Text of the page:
According to Highland and Islands research, rural Scotland still lags behind rest of UK, the most costly standard of living in UK
THE STANDARD of living in rural Scotland is 30 per cent more costly than elsewhere in the UK, a new study has found.
The Minimum Income Standard for Remote Rural Scotland 2016, published this week commissioned by Highlands and Islands Enterprise (HIE) and Scottish Enterprise (SE), shows the gap between rural and urban areas has reduced slightly, from between ten and forty per cent, since the previous report in 2013.
The report also commissioned by Rural and Islands Housing Association Forum (RIHAF) and the Scottish Federation of Housing Associations (SFHA) commended the improvement in recent years but advocated better measures to help rural households with energy saving, delivery costs and the cost of travel.
“This report does however, show that a number of factors still conspire to make the cost of living at a socially acceptable standard more expensive in more remote areas, particularly small islands.” Alastair Nicolson
In response to the findings Alastair Nicolson, head of planning at HIE, said: “That the cost of living is higher in remote rural Scotland will be no surprise to the people who live in these communities. A great deal of public policy is already targeted at reducing that disparity to ensure equality of opportunities in all parts of the country. The roll out of fibre broadband well beyond where the market would reach is one recent example of action in this area.
“This report does however, show that a number of factors still conspire to make the cost of living at a socially acceptable standard more expensive in more remote areas, particularly small islands. While a number of interventions being progressed currently will make an impact, further work is required from the public sector to mitigate the excessive costs associated with living in these parts of the country.”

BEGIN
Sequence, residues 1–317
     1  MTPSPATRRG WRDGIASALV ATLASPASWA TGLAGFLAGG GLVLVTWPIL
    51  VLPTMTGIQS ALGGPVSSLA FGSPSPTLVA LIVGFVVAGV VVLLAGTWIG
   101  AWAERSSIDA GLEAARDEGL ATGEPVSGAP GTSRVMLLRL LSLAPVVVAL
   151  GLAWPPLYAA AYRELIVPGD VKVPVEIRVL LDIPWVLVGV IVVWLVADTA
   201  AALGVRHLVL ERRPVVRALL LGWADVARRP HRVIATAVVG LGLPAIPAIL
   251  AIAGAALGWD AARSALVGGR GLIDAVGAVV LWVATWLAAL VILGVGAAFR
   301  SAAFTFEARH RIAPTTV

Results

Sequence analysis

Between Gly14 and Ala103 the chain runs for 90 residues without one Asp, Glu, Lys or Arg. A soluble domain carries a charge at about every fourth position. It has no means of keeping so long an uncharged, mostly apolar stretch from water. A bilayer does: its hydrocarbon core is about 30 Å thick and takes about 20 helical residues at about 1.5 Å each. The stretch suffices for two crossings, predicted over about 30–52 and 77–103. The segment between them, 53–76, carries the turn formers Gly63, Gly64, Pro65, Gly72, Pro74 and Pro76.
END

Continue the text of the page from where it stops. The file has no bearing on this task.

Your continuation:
While commending the Scottish Government on its work so far the report did state that the Scottish rural fuel poverty task force (SRPTF), tasked with implementing energy saving in rural communities, needed to design solutions capable of meeting the “unique circumstances of remote rural Scotland”.
For example, someone driving long distances to work in the rural Highlands still has to spend about three times as much on petrol as someone in an English rural town. This transport and fuel disparity is unchanged since the 2013 report. However, the report did highlight improvements. For example, a basket of goods priced in a small town Tescos were 10 per cent higher than in cities in 2013, but this premium has reduced to 6.5 per cent.
On top of making sure rural areas benefit more from energy saving programmes the report stated that workforces on small islands need adequate access to training opportunities and wider social support services such as childcare.
Fergus Ewing, cabinet secretary for the rural economy and connectivity, said: “I welcome this latest minimum income standard report and note the positive impact that lower diesel and petrol prices has had on those who have to travel long distances. The Scottish Government is already doing much to support rural communities through transport initiatives and rural fuel poverty measures, and we will continue to work with rural communities to identify the best solutions to rural challenges.”
Picture courtesy of David Connor
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